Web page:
2

I'm trying to grep for possible matches to,

ex****e

So anything with ex at the start and e at the end with 4 characters inbetween, how could I do this?

  • 1
    please clarify if you are looking to match words or whole lines... in other words, adding sample input lines and expected output helps.. – Sundeep Mar 20 '18 at 11:54
11

The regular expression operator that matches a single character is .. That's similar to ? in shell wildcards. * itself matches any number of the preceding thing in regular expressions (for instance, a* matches any number (including 0) of as), and any number of characters in shell wildcards.

POSIXly, to find lines that match exactly on that:

grep -xE 'ex.{4}e'

Or:

grep -x ex....e

Or:

grep -x 'ex.\{4\}e'

The second of which being the most portable. grep '^ex....e$' would even work in the original implementation in Unix Version 4 (1973); however -x was added in Unix Version 7 (1979) and is universal nowadays so you can rely on that one.

Extended regular expressions were added in egrep in V7 as well but initially without the {x,y} interval operators. That operator was added as \{x,y\} for grep but often not in egrep as that would have broken backward compatibility. In the early nineties however, POSIX introduced the -E option of grep to merge in the egrep functionality into grep and requires it support {x,y} and egrep is now deprecated.

However, you still occasionally find some grep implementations that don't support -E or egrep ones that don't support {x,y} like the /bin/grep and /bin/egrep of Solaris (where you need to use /usr/xpg4/bin/grep instead).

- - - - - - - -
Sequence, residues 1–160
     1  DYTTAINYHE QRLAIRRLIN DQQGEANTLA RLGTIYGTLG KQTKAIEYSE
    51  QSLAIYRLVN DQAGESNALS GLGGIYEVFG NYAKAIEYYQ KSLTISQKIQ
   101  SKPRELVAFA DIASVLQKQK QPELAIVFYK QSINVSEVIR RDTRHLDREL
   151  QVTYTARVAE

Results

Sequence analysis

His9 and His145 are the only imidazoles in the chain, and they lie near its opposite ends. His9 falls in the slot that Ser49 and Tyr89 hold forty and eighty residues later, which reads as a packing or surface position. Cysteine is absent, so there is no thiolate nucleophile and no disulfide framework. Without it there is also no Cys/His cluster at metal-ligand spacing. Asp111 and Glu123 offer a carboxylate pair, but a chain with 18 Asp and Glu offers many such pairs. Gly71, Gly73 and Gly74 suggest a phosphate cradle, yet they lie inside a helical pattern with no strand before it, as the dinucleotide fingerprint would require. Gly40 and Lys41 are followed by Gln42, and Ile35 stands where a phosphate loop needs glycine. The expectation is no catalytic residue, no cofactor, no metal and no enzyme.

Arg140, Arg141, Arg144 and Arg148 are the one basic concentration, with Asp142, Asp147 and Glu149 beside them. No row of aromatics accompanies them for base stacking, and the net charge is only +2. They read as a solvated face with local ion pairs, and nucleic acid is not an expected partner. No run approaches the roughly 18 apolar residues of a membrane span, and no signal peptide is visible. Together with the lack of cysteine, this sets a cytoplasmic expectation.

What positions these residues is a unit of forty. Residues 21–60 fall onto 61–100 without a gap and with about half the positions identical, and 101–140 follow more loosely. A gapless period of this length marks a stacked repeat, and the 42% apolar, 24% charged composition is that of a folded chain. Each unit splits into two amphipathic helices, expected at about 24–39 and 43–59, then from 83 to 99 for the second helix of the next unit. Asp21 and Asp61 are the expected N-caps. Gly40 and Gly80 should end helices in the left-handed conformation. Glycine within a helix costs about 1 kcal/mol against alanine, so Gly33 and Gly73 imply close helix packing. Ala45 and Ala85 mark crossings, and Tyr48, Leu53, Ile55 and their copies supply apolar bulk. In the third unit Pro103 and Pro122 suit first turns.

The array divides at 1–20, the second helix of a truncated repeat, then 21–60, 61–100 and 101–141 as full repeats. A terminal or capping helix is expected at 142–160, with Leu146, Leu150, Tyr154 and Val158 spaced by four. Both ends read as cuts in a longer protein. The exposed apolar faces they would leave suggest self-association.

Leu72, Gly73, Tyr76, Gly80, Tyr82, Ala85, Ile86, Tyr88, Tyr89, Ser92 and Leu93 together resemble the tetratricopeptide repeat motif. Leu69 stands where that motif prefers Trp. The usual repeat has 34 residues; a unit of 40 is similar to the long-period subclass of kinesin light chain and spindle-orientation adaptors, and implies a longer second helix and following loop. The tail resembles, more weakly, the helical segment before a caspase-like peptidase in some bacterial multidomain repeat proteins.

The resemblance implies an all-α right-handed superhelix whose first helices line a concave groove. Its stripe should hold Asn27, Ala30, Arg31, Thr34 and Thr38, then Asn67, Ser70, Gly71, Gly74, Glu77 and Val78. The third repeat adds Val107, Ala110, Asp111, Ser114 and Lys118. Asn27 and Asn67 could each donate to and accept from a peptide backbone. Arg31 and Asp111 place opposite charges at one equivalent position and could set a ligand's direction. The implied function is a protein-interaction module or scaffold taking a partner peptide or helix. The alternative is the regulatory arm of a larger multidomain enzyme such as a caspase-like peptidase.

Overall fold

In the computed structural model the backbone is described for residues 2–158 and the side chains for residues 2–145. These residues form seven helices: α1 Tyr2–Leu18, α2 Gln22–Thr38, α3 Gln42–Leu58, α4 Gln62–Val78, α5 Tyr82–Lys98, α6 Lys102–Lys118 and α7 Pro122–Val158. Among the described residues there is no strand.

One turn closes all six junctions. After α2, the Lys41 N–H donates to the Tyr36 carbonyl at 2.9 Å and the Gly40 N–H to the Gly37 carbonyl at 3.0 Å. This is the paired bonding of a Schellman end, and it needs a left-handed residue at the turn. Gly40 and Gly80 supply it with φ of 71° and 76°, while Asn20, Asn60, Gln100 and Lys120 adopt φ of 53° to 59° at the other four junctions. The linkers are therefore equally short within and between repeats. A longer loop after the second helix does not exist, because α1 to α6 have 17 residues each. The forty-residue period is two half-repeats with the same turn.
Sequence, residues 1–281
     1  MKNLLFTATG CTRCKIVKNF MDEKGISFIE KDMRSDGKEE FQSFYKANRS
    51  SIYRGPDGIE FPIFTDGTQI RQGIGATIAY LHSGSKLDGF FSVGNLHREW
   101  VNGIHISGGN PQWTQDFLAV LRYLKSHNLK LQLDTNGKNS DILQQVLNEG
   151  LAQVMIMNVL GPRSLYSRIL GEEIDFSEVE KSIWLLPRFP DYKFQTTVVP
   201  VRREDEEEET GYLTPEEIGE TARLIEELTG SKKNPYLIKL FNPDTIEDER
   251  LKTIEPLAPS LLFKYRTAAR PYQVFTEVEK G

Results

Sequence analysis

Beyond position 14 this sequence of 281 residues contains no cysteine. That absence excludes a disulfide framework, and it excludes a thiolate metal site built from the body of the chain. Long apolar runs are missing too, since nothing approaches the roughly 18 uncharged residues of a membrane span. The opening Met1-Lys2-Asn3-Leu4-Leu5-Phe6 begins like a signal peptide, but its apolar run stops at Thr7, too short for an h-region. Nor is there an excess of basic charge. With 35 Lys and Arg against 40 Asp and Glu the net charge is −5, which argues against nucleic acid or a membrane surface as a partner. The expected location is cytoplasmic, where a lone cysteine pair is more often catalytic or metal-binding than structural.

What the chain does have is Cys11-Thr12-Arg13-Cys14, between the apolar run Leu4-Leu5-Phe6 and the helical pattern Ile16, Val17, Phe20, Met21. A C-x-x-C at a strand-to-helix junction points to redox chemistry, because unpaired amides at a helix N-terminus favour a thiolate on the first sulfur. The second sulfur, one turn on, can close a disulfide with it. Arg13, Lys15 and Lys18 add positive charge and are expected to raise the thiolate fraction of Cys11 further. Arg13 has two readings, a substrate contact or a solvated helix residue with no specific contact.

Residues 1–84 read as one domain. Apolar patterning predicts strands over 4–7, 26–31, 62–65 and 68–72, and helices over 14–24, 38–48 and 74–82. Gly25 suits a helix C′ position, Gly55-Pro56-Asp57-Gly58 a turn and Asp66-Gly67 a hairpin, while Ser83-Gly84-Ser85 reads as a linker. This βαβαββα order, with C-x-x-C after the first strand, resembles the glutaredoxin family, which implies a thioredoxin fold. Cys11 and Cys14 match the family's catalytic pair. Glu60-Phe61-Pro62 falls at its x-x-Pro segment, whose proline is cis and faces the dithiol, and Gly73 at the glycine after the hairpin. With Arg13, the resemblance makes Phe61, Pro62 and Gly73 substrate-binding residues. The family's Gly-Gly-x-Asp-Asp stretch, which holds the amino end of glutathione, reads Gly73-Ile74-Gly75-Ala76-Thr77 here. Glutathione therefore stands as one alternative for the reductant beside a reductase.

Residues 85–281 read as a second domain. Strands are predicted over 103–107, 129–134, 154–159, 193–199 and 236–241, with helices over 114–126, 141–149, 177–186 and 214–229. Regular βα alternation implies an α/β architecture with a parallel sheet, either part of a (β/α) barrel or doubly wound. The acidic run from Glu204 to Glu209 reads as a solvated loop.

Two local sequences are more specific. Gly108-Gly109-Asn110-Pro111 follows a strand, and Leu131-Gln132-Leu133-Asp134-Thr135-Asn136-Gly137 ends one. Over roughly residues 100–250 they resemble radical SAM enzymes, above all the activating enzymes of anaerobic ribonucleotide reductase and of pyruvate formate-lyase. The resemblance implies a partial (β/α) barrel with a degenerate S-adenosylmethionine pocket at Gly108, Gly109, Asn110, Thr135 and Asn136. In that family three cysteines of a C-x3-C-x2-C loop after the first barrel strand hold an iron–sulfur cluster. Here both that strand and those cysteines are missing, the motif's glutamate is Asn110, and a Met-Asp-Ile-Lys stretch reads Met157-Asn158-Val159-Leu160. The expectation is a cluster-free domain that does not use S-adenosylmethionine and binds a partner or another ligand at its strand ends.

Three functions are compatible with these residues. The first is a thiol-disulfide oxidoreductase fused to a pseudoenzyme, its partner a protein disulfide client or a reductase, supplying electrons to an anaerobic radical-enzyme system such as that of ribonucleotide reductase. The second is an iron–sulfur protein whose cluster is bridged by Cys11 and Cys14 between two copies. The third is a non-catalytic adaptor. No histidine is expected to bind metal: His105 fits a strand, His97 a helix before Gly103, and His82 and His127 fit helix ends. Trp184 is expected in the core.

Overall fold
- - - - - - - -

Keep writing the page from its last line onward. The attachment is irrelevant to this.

Beware that some grep implementations are not multibyte aware and their . regexp operator may match on each byte of a multibyte character like the non-ASCII UTF-8 characters).

$ $ locale charmap
UTF-8
$ echo extrême | busybox grep -x ex....e 
$ echo extrême | gnu-grep -x ex....e
extrême
$ echo extrême | busybox grep -x ex.....e
extrême

As the ê character is made of two bytes in UTF-8, extrême is 7 characters, but 8 bytes:

$ printf %s extrême | wc -cm
      7       8
2

With the following regex :

^ex.{4}e$

Ex :

$ grep -E '^ex.{4}e$' <<< 'ex****e'

or

$ grep '^ex.\{4\}e$' <<< 'ex****e'

Output :

    ex****e
0

The basic pattern suggested by @stéphane-chazelas:

grep -xE 'ex.{4}e'  

will find any line consisting soley of 'e', 'x', any 4 chars, and 'e' and no white space due to the switch '-x' , equivalent to @gilles-quenot's suggestion of

grep -E ^ex.{4}e$

However, OP wanted "anything with ex at the start and e at the end with 4 characters inbetween", so that would include lines with non-matching content and matching content together. In order to get that, you would need the pattern,

    grep -E 'ex.{4}e'

Quotes to prevent shell bracket expansion.

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